Not-for-Profit Sector and the EU-Australia Relationship
30 March 2017 at 8:11 am
The EU-Australia relationship is not just about trade but the big issues impacting our world, and it’s crucial that a range of voices are heard, including those from the not-for-profit sector, writes international affairs expert Melissa Conley Tyler.
“The European Union? Isn’t that about trade? It doesn’t seem relevant to my work.” If this is your reaction when someone brings up the EU-Australia relationship, you’re not alone.
If the EU is mentioned in politics or the media, it is generally in terms of business or high foreign politics, not the bread and butter issues that matter to so many of us working in the not-for-profit sector.
Nonetheless, I believe there is room for a much deeper relationship. In many areas this is already happening. For example, the EU is the second biggest donor in the Pacific, after Australia. The Department for Foreign Affairs and Trade and EuropeAid currently manage or are planning joint programs in Sudan, Fiji and Laos. The EU and Australia work together in international organisations to bring about the abolition of the death penalty. We co-operate across a range of environmental issues such as whaling, trade in endangered species, and the reduction of ozone-depleting substances. More than 1,000 of our young people have participated in university exchanges. There are countless areas to collaborate more.
This is the goal of the EU-Australia Leadership Forum, a three-year project funded by the European Union to provide a forum for people from business, government, not for profits, academia and the media to come together to discuss what should be on the agenda of the future EU-Australia relationship. For example, just this week, we are bringing together experts from the EU and Australia to discuss the intersection of our digital world with the delivery of development assistance.
World Vision Australia, StartSomeGood and WhyDev will meet with European counterparts to share their learnings about how digital tools can be used to reach development goals and also how the digital age changes the way we think about and deliver development assistance.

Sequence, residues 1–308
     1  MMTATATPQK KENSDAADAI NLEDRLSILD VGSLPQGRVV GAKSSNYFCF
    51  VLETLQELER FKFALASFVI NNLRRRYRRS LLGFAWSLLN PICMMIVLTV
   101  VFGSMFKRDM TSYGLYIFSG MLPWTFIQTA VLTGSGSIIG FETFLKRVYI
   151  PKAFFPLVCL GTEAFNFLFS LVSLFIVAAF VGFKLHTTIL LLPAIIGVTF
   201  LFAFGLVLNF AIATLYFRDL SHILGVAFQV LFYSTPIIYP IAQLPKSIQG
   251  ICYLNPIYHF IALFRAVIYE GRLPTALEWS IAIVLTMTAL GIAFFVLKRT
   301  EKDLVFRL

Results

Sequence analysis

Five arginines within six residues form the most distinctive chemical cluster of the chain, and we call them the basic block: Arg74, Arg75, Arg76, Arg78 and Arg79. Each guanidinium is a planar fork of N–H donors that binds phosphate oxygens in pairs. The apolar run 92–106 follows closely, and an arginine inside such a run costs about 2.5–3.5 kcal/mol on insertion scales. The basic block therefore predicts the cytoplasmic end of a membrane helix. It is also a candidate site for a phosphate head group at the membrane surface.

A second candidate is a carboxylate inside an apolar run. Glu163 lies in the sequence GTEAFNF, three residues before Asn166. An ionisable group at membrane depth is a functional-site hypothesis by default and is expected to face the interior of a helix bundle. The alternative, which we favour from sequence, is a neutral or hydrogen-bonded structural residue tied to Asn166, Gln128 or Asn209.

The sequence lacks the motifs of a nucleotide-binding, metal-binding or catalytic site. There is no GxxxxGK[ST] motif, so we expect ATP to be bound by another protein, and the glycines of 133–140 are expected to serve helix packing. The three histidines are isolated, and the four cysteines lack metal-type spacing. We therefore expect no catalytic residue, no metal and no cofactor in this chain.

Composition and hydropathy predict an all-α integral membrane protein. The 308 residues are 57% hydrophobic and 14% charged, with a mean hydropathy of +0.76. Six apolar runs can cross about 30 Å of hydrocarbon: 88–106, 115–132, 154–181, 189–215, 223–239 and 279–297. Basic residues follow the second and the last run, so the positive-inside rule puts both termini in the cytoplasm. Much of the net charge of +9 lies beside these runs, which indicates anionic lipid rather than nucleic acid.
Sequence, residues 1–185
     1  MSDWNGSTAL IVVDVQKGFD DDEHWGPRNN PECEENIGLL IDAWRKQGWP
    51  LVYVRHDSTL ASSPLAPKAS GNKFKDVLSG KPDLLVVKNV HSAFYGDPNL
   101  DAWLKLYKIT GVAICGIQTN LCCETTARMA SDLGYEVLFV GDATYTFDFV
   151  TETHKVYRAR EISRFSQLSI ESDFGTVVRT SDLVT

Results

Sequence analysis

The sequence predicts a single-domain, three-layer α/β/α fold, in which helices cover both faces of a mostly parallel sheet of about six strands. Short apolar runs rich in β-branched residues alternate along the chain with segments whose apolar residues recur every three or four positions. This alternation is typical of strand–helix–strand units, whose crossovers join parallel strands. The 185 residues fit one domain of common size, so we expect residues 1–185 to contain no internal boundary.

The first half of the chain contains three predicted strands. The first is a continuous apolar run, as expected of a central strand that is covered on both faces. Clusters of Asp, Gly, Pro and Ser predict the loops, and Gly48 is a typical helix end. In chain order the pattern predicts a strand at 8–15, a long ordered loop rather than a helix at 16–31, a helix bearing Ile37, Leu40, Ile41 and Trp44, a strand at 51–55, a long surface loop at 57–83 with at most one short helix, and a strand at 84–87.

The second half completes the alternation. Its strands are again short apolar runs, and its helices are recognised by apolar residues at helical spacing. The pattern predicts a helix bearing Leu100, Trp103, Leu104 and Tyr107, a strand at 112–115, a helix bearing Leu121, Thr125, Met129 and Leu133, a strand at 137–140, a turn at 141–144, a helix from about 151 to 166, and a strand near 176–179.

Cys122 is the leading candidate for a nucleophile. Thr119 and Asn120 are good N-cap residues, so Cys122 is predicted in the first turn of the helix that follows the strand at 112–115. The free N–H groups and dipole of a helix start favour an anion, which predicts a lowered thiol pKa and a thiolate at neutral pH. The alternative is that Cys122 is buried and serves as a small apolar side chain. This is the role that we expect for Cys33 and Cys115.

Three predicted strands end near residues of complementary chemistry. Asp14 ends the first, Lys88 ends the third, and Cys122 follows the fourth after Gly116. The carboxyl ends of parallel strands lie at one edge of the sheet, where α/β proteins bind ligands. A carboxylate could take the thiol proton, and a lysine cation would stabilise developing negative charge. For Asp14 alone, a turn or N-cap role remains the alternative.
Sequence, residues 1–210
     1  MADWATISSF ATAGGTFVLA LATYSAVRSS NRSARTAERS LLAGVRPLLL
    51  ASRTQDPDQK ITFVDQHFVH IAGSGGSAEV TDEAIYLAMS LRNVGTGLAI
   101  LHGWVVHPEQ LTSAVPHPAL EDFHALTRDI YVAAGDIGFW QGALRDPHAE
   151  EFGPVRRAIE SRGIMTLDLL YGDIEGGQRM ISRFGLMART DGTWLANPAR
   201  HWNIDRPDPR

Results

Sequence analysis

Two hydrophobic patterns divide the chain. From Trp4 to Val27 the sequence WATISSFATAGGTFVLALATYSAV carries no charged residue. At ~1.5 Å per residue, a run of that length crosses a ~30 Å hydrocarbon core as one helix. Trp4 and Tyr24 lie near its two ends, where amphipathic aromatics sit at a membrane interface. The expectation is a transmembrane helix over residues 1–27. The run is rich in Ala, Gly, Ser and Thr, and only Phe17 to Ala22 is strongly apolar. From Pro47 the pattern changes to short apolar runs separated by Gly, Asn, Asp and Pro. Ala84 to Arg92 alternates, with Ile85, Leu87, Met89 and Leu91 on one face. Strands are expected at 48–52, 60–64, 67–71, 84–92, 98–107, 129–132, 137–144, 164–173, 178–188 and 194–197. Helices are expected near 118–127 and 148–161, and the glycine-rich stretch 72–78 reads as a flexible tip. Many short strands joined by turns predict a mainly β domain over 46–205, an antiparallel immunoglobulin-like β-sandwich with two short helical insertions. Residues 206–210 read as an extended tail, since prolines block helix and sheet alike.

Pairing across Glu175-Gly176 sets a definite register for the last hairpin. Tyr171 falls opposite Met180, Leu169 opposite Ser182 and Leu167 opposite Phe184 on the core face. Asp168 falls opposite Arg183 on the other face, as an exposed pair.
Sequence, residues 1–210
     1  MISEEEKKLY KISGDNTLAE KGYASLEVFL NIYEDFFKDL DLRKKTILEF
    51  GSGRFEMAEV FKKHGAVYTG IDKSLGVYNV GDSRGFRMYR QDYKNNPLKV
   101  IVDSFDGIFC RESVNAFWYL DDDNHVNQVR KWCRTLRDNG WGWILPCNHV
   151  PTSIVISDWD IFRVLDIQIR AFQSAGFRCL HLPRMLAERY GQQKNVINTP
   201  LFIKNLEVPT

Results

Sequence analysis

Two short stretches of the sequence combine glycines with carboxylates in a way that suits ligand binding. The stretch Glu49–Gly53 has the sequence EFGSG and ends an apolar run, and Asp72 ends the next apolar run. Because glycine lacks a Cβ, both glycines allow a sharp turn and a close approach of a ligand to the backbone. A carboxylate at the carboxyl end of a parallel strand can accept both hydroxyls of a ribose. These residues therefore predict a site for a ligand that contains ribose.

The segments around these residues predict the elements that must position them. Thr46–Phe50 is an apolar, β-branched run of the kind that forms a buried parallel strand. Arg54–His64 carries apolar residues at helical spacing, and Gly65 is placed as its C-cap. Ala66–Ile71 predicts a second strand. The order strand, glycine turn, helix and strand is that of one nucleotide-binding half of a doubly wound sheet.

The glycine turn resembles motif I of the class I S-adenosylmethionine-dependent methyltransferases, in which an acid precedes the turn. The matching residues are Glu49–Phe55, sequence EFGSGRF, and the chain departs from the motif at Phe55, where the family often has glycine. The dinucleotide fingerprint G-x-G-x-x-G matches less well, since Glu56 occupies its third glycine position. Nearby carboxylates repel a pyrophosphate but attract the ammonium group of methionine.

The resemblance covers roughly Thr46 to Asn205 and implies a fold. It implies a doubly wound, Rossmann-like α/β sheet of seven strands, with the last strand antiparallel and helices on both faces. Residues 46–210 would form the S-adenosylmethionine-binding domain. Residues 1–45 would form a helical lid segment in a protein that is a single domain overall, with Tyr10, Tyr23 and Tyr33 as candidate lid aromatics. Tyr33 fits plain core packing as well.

Recommendations from that workshop will go forward to a Senior Leaders’ Forum in June, when distinguished invitees will come together to tackle the big issues that are shaking up our world such as cybersecurity, radicalisation, migration and increasing economic interdependence.
If these discussions, and others that take place over the life of the project, are to be relevant and actionable, it is crucial that a range of voices are heard, including those from the not-for-profit sector.
We are very lucky to have some key figures supporting the project, such as Tim Costello of World Vision Australia and Luis Alvarado Martinez, president of the European Youth Forum. We are determined to have a strong not-for-profit contingent at both the Senior Leaders’ Forum and the Emerging Leaders’ Forum which will proceed it.
Beyond June’s events, there will be other opportunities for those working in the not-for-profit sector to make your voices heard. If you want to be part of these discussions, I’d encourage you to sign up to our [the EU-Australia Leadership Forum] newsletter, and engage with us via our social media channels.
As Minister for Foreign Affairs Julie Bishop said at the launch of the EU-Australia Leadership Forum last September, the EU and Australia have much in common. We share common values, a liberal democratic heritage, a commitment to freedoms, and a commitment to the rule of law. We also have in common strong, opinionated and valued not-for-profit sectors.
Your depth of expertise can bring much-needed context to many of the political and economic discussions that will take place between now and the start of negotiations on the future relationship between the European Union and Australia.
So what can you do? Find out about the existing EU-Australia relationship and how it might already apply to your area of work. Engage with your European counterparts, to see what the major issues of activity are for them when it comes to EU issues and consider opportunities for collaboration. See whether there are funds available for not-for-profit organisations to help deliver programs, which could be available to you and your partners. The EU-Australia relationship is about more than trade.
About the author: Melissa Conley Tyler is the national executive director of the Australian Institute of International Affairs. She is team leader of the EU-Australia Leadership Forum project. Find out more here.